|Off on a Tangent
|A Fortnightly Electronic
Newsletter from the Hope College Department of Mathematics
|January 22, 2016||Vol. 14, No. 8
|Lights Out Colloquium|
Out: Some Puzzles, Some Results, and Some Questions
|Speaker: Darin Stephenson, PhD, Hope College Math Department|
|Time: Tuesday, January 26 at 4:00-4:50 pm|
|Place: VanderWerf 102
The following colloquia are currently on the schedule for this semester. Others will be added as the semester goes along.
|Math Club News|
||The Math Club invites you and your friends to The
Theory of Everything on
Friday, February 5 at 9:00 pm in Winants Auditorium in Graves
The movie features the life of Stephen Hawking, one of the world's
foremost physicists. The movie tells the heartfelt story of
falling in love with arts student Jane Wilde and raising a family, all
while his body is failing him and his popularity soars as his brilliant
ideas become widely known.
For more info on the Hope Math Club's latest and greatest activities, visit their FaceBook page (and request to join the group).
|Kaggle Data Science Bowl|
||The goal of the Second
Annual Kaggle Data Science Bowl is to transform how we diagnose
heart disease by developing mathematical algorithms that automatically
calculate heart volume from MRI scans (using about 27 Gb of MRI scan
data!). The data we are analyzing looks like this.
The next team meeting will be Saturday, January 23 at 3 pm in VanZoeren
276 (bring a computer). If you are interested in joining the team
and have taken multivariable mathematics 1 or have Python programming
experience, please contact Paul Pearson (firstname.lastname@example.org).
|Math in the News: Building a better snowman|
time you go out to build a snowman, you might want to consult with Dr.
James Hind of Nottingham Trent University since he has developed a
formula to help you develop a better snowman. He says the snowman
should be 64 inches tall with snowballs of 31, 20, and 12 inches in
diameter. (I guess compression takes care of the missing inch.)
His formula, shown on the left is also designed to give scores for the purity of the snow, facial features, and accessories besides size and proportion. He also suggests making the snowman out of snow that is 32 degrees Fahrenheit or less. (I think otherwise it would be a puddle man!) Click here to read more about how to make the ultimate snowman.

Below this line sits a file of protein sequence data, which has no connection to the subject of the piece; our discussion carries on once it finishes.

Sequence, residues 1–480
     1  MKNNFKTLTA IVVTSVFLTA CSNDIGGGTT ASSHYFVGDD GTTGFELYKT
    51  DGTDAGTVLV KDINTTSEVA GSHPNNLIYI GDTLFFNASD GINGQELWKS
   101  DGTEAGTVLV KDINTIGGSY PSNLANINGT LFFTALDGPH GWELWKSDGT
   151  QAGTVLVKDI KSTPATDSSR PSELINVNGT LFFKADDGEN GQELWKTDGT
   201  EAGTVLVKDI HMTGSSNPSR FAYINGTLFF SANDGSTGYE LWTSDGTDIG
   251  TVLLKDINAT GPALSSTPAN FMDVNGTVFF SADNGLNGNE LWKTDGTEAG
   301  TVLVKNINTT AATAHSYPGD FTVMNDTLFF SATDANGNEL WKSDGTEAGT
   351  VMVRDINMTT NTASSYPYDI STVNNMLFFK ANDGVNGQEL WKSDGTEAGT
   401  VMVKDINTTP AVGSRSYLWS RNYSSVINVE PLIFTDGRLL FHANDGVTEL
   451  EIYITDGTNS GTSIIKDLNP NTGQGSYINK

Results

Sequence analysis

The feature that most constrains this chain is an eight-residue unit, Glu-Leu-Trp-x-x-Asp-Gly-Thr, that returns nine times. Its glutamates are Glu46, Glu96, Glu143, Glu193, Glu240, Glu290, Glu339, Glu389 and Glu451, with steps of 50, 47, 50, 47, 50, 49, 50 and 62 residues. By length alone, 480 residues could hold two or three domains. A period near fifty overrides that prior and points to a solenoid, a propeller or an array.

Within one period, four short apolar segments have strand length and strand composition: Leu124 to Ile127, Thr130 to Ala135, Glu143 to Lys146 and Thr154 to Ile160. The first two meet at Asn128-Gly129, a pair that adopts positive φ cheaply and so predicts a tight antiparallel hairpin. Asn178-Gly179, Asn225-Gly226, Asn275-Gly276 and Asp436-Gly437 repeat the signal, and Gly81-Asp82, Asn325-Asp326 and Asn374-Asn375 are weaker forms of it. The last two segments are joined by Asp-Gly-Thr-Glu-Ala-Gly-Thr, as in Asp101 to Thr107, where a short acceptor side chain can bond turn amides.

|Math Road Trip|
are two opportunities this semester for Mathematics and Mathematics
Education majors to attend conferences in Michigan. On Saturday,
February 27 the Math in Action at Grand
University presents lively and informative discussions of current
issues in mathematics education while providing an opportunity for
practicing PreK – 12 teachers,
prospective teachers, curriculum directors, and college and university
faculty to share ideas, concerns,
and resources. The conference consists of six hour-long sessions with
eight separate interactive
presentations during each.
On Saturday, March 19 the MI‐AMTE Conversations Among Colleagues will be held at Western Michigan University. This conference was designed to facilitate conversations between and among mathematicians, mathematics educators and leaders in mathematics education related to mathematics education and the preparation and continuing professional development of teachers of mathematics PreK‐College.
For Hope College Mathematics and Math Education Majors, student registration fees and transportation via a Hope College Van will be covered by the Math Department. Both trips are being organized by Dr. Mann. Drop him an email
at email@example.com or stop by his office, VanderWerf 213, to find out more or reserve your seat in the van. Contact Dr. Mann by the following date(s) to participate with department funding: Conversation Among Colleagues by Thursday, January 28, Math in Action by Thursday, February 11.
of the Fortnight
square of side length 2 and a circle share the same center. The total
area of the regions that are inside the circle and outside the square
is equal to the total area of the regions that are outside the circle
and inside the square. What is the radius of the circle?
Write your solution (showing all relevant work) on circular square and drop it in the Problem of the Fortnight slot outside Professor Mark Pearson's office (VWF 212) by 3:00 p.m. on Friday, January 29. As always, be sure to include your name and the name(s) of your math professor(s) -- e.g. Moe Mentum, Professor Sara Bellum --- on your solution.
on a Tangent